Monday, August 30, 2010

There are a lot of places I like, but I like New Orleans better.

Five years ago, I was in Oxfordtown waiting out the storm.

Sitting back in my house in New Orleans, all this time later, I still feel lucky to be here. From where I sit, I see four cypress doors with old rim locks, brown and white porcelain knobs, and transoms above, an old river clay brick fire place that used to provide heat when this room, now my office, was the back of a slave quarters, and a double hung window looking out to a Japanese magnolia, a mimosa tree, and endless cat's claw vine consuming everything in its path beneath a blue sky. It is an unexceptional New Orleans room but better than any room anywhere else.

From Bob Dylan's Chronicles, Volume 1:

I showed up in New Orleans in early spring, moved into a large rented house near Audubon Park, a comfortable place, all the rooms fair sized, furnished quite simply, wardrobe cupboards in just about every room. We couldn’t have come to a better place for me. It was really perfect. You could work slow here. They were waiting at the studio, but I didn’t feel like jumping into anything. Sooner or later I’d have to get to the point but I could try it on another day. I brought a lot of the songs with me, I was pretty sure they would hold up veil.

Right now, I strolled into the dusk. The air was murky and intoxicating. At the corner of the block, a giant, gaunt cat crouched on a concrete ledge. I got up close to it and stopped and the cat didn’t move. I wished I had a jug of milk. My eyes and ears were open, my consciousness fully alive. The first thing you notice about New Orleans are the burying grounds - the cemeteries - and they're a cold proposition, one of the best things there are here. Going by, you try to be as quiet as possible, better to let them sleep. Greek, Roman, sepulchres- palatial mausoleums made to order, phantomesque, signs and symbols of hidden decay - ghosts of women and men who have sinned and who've died and are now living in tombs. The past doesn't pass away so quickly here. You could be dead for a long time.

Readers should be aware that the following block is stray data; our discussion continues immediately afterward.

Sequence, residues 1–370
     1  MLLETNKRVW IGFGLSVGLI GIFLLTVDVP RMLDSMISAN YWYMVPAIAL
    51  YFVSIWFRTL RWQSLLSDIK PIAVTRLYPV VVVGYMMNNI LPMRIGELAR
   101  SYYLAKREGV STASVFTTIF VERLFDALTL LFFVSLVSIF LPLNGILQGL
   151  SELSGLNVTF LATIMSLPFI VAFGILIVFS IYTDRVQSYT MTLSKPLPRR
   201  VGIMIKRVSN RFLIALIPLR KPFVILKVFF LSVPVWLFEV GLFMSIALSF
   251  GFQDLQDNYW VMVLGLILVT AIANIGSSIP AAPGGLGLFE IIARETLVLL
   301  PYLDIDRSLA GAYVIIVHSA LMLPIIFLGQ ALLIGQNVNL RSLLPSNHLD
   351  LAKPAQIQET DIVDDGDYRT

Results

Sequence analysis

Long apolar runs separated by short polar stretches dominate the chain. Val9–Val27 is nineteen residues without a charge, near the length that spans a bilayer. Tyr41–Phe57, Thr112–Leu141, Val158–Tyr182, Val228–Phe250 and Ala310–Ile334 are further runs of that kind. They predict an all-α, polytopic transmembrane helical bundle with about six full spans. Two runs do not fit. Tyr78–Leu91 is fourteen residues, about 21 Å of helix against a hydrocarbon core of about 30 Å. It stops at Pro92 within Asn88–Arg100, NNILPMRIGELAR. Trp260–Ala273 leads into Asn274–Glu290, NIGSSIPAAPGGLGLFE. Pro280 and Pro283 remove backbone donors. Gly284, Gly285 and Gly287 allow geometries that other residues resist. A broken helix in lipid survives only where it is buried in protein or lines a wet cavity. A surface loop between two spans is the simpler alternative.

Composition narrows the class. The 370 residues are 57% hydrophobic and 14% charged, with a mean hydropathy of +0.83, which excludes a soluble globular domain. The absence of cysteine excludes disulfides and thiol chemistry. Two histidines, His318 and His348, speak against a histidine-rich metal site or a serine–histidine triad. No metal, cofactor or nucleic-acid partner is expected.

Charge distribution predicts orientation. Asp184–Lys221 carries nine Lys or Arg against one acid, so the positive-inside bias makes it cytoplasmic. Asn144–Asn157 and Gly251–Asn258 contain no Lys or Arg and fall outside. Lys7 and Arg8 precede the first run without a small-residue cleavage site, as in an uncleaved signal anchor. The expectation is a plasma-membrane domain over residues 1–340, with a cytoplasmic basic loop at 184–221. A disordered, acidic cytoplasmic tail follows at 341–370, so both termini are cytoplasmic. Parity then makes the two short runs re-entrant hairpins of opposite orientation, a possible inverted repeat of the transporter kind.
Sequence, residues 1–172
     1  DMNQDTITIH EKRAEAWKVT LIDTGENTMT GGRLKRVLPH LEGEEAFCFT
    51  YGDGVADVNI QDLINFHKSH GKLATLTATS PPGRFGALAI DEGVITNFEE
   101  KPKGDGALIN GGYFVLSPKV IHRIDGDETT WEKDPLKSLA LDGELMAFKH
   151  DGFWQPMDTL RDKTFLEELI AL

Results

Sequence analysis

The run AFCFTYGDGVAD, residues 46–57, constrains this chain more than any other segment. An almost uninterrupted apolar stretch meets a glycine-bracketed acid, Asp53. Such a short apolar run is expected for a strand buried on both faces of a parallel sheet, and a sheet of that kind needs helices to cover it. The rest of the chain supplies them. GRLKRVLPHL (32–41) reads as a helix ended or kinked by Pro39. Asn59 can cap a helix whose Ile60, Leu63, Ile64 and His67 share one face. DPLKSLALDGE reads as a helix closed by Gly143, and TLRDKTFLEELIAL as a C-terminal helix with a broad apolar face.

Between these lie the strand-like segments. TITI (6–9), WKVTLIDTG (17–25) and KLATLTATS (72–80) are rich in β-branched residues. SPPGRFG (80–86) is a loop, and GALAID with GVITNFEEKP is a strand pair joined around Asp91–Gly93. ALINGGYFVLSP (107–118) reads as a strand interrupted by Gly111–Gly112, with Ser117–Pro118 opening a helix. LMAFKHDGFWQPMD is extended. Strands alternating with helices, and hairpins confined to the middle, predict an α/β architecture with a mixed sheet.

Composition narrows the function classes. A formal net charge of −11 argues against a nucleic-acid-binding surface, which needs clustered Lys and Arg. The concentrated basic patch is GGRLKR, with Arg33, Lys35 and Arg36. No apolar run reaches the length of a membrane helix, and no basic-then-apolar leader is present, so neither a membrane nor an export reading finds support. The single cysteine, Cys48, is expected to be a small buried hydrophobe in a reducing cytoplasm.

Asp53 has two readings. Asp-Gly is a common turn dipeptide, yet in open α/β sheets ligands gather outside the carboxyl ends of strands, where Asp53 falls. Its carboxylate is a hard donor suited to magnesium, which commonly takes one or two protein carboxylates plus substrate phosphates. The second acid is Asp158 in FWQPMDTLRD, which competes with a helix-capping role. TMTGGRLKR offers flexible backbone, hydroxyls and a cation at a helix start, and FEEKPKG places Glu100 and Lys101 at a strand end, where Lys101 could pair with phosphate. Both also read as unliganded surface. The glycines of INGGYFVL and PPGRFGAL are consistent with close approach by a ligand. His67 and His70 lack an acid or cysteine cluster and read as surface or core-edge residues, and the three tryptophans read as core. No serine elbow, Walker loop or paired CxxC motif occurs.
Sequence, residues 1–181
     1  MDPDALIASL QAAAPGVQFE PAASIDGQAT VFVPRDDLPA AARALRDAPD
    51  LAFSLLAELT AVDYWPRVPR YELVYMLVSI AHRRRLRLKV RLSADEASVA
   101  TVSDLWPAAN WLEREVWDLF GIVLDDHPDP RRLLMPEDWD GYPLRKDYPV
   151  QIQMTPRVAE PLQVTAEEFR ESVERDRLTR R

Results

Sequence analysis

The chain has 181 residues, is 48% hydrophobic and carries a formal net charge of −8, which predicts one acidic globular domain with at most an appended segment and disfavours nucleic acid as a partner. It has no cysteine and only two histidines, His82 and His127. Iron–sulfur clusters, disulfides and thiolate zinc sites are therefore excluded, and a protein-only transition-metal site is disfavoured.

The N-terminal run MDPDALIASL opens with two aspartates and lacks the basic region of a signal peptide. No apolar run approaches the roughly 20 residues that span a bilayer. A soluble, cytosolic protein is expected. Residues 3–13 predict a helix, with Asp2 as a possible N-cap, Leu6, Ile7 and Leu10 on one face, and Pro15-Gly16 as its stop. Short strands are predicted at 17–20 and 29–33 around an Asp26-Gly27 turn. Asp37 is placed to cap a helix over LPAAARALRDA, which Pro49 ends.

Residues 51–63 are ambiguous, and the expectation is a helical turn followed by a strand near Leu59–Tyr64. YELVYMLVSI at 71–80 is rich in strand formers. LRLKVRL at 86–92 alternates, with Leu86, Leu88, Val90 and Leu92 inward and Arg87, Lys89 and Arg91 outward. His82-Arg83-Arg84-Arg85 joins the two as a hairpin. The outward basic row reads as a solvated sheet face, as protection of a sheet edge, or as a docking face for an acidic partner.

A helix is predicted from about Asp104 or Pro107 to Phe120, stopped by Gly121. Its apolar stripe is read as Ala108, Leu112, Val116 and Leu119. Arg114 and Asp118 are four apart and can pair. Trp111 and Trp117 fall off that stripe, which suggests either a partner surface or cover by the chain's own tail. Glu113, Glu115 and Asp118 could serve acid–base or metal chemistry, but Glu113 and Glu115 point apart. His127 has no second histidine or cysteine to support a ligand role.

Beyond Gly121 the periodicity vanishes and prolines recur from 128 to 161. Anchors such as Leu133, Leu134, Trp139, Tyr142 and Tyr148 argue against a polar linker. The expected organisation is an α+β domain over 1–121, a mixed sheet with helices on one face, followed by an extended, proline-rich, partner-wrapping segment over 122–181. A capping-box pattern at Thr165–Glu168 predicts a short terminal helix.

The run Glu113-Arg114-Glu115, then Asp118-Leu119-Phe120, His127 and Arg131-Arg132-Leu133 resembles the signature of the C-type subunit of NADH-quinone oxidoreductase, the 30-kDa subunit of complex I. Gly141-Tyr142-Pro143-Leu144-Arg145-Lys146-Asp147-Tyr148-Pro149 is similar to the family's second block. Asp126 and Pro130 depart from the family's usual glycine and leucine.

The ghosts race towards the light, you can almost hear the heavy breathing spirits, all determined to get somewhere. New Orleans, unlike a lot of those places you go back to and that don't have the magic anymore, still has got it. Night can swallow you up, yet none of it touches you. Around any corner, there's a promise of something daring and ideal and things are just getting going. There's something obscenely joyful behind every door, either that or somebody crying with their head in their hands. A lazy rhythm looms in the dreamy air and the atmosphere pulsates with bygone duels, past-life romance, comrades requesting comrades to aid them in some way. You can't see it, but you know it's here. Somebody is always sinking. Everyone seems to be from some very old Southern families. Either that or a foreigner. I like the way it is.

There are a lot of places I like, but I like New Orleans better. There's a thousand different angles at any moment. At any time you could run into a ritual honoring some vaguely known queen. Bluebloods, titled persons like crazy drunks, lean weakly against the walls and drag themselves through the gutter. Even they seem to have insights you might want to listen to. No action seems inappropriate here. The city is one very long poem. Gardens full of pansies, pink petunias, opiates. Flower-bedecked shrines, white myrtles, bougainvillea and purple oleander stimulate your senses, make you feel cool and clear inside.